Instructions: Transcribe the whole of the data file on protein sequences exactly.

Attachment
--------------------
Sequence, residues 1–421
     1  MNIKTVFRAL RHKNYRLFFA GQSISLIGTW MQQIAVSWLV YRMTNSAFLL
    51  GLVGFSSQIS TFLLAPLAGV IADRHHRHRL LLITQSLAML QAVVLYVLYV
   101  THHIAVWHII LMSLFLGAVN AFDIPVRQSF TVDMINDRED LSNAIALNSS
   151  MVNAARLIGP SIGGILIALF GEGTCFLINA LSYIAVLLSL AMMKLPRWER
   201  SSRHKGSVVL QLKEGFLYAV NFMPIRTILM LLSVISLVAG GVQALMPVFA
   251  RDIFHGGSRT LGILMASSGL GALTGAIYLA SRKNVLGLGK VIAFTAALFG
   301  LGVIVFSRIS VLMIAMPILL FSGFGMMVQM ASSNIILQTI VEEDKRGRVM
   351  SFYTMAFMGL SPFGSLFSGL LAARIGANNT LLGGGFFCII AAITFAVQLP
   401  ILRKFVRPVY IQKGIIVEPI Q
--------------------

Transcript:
Sequence, residues 1–421
     1  MNIKTVFRAL RHKNYRLFFA GQSISLIGTW MQQIAVSWLV YRMTNSAFLL
    51  GLVGFSSQIS TFLLAPLAGV IADRHHRHRL LLITQSLAML QAVVLYVLYV
   101  THHIAVWHII LMSLFLGAVN AFDIPVRQSF TVDMINDRED LSNAIALNSS
   151  MVNAARLIGP SIGGILIALF GEGTCFLINA LSYIAVLLSL AMMKLPRWER
   201  SSRHKGSVVL QLKEGFLYAV NFMPIRTILM LLSVISLVAG GVQALMPVFA
   251  RDIFHGGSRT LGILMASSGL GALTGAIYLA SRKNVLGLGK VIAFTAALFG
   301  LGVIVFSRIS VLMIAMPILL FSGFGMMVQM ASSNIILQTI VEEDKRGRVM
   351  SFYTMAFMGL SPFGSLFSGL LAARIGANNT LLGGGFFCII AAITFAVQLP
   401  ILRKFVRPVY IQKGIIVEPI Q